Kuyper Against Marx

1795 Words Jun 25th, 2018 8 Pages
The Industrial Age brought much hunger, poverty, and despair with its many technological innovations aimed to make man’s life better. Although Kuyper and Marx agreed that social conditions in the Industrial Age were not acceptable, they differed on the cause and solution to the poverty and despair in the modern world. Kuyper’s approach to the problem of poverty is like minimally invasive surgery, less damaging but more time-intensive. Marx’s approach, however, is like amputation with no cauterization, quick but with little chance of recovery. Marx seeks to heal a wound by creating another; Kuyper seeks to heal through correcting the heart of his age.
In Marx’s opinion, the cause of poverty has always been due to the struggle between
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Marx’s solution to poverty and social injustice is Communism. The principles of Communism as listed in the Communist Manifesto are: elimination of private land ownership, graduated or progressive income tax, elimination of inheritance rights, confiscation of rebel and emigrant property, state control of money and credit, state control of manufacture and agriculture, universal labor, combination of agriculture and manufacture leading to no distinction between urban and rural, population spread out over the country, free education, proper child labor. By centralizing all power, capital, and property in the state, theoretically all power, capital, and property would belong to all citizens equally. If the state controls all manufacturing and agriculture, and if all citizens are required to work, than theoretically the workers will not be mistreated as they are their own employers through the state.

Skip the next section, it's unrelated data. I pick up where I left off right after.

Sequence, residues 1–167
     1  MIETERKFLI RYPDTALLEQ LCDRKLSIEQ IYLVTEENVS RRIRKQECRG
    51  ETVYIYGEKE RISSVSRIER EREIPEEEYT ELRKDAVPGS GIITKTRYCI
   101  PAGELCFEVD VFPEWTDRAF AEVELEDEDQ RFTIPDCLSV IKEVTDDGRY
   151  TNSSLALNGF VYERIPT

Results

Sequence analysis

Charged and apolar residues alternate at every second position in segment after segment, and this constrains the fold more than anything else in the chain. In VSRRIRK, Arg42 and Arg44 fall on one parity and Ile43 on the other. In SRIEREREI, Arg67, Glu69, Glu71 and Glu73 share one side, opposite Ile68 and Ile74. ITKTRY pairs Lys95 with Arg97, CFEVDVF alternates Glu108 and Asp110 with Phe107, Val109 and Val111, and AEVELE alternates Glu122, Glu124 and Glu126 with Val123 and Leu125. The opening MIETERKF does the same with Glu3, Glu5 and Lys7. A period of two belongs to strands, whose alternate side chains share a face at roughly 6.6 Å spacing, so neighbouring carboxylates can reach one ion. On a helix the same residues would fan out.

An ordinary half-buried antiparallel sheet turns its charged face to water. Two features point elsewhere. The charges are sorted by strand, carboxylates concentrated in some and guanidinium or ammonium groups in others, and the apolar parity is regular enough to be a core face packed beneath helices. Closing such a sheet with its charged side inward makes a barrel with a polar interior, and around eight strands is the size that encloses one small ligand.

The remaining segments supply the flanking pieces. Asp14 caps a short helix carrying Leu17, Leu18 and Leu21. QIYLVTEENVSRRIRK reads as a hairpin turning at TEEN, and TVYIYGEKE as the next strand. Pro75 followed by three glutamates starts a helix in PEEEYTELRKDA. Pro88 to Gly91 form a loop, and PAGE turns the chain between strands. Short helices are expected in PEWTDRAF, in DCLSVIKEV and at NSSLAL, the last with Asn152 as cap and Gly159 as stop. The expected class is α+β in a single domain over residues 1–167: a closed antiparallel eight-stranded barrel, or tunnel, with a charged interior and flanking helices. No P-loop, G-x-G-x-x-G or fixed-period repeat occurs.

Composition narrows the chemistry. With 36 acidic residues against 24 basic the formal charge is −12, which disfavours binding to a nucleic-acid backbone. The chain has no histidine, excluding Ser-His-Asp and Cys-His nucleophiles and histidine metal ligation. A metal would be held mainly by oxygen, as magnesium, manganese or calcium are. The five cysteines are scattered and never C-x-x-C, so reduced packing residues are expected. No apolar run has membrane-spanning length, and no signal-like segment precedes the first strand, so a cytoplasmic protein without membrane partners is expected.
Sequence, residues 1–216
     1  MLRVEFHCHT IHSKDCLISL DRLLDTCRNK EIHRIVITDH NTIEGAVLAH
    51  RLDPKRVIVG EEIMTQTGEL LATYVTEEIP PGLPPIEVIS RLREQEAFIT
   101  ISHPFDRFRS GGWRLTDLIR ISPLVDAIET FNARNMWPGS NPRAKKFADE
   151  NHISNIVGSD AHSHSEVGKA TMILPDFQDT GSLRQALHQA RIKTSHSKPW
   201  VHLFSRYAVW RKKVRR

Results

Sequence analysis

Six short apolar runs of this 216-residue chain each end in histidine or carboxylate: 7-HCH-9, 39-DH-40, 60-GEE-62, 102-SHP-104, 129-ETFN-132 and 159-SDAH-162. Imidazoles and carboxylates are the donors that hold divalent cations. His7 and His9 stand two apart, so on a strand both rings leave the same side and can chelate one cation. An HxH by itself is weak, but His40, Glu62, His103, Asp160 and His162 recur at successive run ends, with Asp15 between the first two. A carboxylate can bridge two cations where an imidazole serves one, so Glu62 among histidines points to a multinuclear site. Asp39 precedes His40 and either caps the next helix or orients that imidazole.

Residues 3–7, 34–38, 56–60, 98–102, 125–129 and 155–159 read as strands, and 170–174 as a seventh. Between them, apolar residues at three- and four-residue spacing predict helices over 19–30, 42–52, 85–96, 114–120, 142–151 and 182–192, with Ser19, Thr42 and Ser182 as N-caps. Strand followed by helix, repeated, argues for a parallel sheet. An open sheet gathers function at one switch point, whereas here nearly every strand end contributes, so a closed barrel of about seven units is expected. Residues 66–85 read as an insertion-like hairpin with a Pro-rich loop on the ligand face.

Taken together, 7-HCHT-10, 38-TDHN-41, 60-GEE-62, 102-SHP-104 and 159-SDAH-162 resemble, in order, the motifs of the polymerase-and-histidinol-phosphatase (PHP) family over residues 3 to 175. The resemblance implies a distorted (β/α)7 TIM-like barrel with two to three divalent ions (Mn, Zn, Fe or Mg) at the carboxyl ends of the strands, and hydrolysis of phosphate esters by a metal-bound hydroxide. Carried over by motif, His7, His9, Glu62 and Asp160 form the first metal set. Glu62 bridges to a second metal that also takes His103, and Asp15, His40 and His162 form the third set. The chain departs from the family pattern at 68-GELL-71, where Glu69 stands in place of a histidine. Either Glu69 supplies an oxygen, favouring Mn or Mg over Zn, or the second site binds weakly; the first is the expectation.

Kuyper’s solution is Christian action. He believes that various Christian social agencies can cause social change through political and charitable action. In light of the plight of the Industrial Age’s lower classes, he calls for still more charitable aid to be given so that no Christian lives in luxury while his neighbor goes hungry. To address the despair of the oppressed workers, Kuyper says only the love of Christ as shown through the deeds of Christians can console them. The ideals of the French Revolution must be overthrown by the message of the Christian Gospel so

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